Copley to [Captain R. G. Bruce?], [1767?]
But What shall I do at the end of that time (for prudence bids us to Consider the future as well as the present). Why I must eighther return to America, and Bury all my improvements among people intirely destitute of all just Ideas of the Arts, and without any addition of Reputation to what I have already gaind. For the favourable receptions my Pictures have met with at home has mad them think I could get a better Living at home than I can here, which has been of service to me, but should I be disappointed, it would be quite the reverse. It would rather lessen than increase their opinion of my Works which I aught by all prudent methods strive to avoide. Or I should sett down in London in a way perhaps less advantageous than what I am in at present, and I cannot think of purchasing fame at so dear a rate. I shall find myself much better off than I am in my present situation. (I would be here understood to speak of the profits of the art only, for as I have not any fortune, and an easy income is a nesasary thing to promote the art. It aught to be considered, and Painters cannot Live on Art only, tho I could hardly Live without it). But As it is not possible for me, Who never was in Europe, to settle sufficiently in my mind those points, I must rely on Your Friendship and Mr. West to inform me. I have wrote You and Mr. West in the plainest and most unreserved maner what the dificultys are, and doubt not Your friendship and prudence will lead You to give all Due weit to the objects I have proposed; and if You think they are still sufficient to keep me in this Country, I shall strive to be more content myself where I am. I have been thee more particular in this Letter Least the other should have miscarried, and doubt not You will write me answer as soon as possible, and prevail on Mr. West to Lay asside the pencil to remove my Doubts, for You cannot but know a state of uncertainty in affairs of consequence (as these are to me,) are very perplexing and disagreeable. Beside if Your Answer [be] such as to favor my going, you know I have a Real Estate which I must dispose of, and a Great Deal of Business to settle, which must take up much time and will detain me another Year, unless I can hear soon from You.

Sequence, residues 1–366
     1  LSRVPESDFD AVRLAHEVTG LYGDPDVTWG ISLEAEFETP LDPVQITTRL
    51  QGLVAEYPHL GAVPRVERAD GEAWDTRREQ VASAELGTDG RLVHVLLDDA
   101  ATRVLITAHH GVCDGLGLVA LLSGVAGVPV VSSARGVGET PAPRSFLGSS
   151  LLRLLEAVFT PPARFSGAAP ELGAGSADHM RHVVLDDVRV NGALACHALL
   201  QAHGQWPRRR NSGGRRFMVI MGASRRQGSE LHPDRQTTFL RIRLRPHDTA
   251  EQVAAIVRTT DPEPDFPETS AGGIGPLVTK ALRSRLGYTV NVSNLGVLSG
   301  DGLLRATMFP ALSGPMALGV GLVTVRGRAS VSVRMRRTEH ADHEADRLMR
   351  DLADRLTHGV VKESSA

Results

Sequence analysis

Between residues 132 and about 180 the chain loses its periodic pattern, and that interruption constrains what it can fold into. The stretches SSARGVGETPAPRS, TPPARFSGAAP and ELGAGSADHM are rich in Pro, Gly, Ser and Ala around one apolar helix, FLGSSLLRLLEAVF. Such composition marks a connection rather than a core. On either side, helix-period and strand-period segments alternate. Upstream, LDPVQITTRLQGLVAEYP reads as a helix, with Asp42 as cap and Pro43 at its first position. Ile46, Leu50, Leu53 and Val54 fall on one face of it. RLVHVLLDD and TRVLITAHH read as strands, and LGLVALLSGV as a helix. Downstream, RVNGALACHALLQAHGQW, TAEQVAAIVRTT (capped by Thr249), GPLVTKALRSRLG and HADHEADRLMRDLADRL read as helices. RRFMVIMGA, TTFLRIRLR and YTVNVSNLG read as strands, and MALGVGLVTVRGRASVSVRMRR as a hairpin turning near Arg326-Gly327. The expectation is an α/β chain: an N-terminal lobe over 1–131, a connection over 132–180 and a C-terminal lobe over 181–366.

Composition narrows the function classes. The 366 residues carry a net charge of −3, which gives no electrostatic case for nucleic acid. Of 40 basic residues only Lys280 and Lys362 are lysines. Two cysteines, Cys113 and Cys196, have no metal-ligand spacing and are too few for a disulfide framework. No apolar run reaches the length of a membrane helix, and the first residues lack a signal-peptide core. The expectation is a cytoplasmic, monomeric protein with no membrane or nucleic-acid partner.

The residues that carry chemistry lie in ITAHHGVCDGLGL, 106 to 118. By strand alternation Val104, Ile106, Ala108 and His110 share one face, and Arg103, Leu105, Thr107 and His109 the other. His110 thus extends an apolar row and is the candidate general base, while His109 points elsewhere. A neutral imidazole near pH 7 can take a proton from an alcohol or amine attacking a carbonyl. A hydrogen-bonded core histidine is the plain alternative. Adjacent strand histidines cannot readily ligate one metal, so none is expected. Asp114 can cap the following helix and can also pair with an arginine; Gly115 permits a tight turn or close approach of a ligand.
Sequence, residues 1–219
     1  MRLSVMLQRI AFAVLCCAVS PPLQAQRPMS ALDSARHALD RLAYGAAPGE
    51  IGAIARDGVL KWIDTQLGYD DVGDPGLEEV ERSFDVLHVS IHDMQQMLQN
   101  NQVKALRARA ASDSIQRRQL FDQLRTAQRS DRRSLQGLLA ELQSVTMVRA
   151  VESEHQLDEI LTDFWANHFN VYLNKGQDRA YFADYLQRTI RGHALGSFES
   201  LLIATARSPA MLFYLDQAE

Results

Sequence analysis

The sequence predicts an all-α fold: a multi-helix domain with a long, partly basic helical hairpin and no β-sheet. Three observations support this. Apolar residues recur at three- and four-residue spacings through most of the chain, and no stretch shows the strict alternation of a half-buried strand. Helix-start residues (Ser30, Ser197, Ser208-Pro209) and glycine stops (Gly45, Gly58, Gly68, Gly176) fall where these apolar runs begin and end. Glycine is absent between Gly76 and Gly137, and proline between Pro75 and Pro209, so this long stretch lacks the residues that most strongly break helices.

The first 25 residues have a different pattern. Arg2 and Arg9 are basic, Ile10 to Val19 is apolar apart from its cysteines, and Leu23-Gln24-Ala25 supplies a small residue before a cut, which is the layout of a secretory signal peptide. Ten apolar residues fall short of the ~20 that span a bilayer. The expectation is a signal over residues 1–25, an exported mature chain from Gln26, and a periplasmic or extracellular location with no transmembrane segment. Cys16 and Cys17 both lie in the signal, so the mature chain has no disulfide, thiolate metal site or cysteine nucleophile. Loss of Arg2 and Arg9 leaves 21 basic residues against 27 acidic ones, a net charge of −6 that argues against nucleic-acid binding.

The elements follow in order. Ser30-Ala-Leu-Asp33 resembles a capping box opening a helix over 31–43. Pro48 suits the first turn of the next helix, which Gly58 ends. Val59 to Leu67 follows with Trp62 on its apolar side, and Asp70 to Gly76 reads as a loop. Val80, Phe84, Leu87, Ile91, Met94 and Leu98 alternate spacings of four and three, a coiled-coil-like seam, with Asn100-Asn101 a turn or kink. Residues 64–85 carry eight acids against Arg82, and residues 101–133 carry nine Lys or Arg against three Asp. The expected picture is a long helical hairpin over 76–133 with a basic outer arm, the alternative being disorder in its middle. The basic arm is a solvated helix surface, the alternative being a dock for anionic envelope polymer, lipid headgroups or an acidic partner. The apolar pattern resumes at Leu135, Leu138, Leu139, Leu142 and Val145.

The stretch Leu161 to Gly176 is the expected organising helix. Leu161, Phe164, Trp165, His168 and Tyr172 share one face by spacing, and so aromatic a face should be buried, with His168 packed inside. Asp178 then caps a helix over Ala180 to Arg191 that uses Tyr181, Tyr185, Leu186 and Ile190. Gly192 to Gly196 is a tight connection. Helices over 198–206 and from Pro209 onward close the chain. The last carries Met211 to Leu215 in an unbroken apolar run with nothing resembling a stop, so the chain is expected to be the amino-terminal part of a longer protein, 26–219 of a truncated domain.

Letters of John Singleton Copley and Henry Pelham, 1739-1776, by John Singleton Copley and Henry Pelham. Boston: Massachusetts Historical Society, 1914.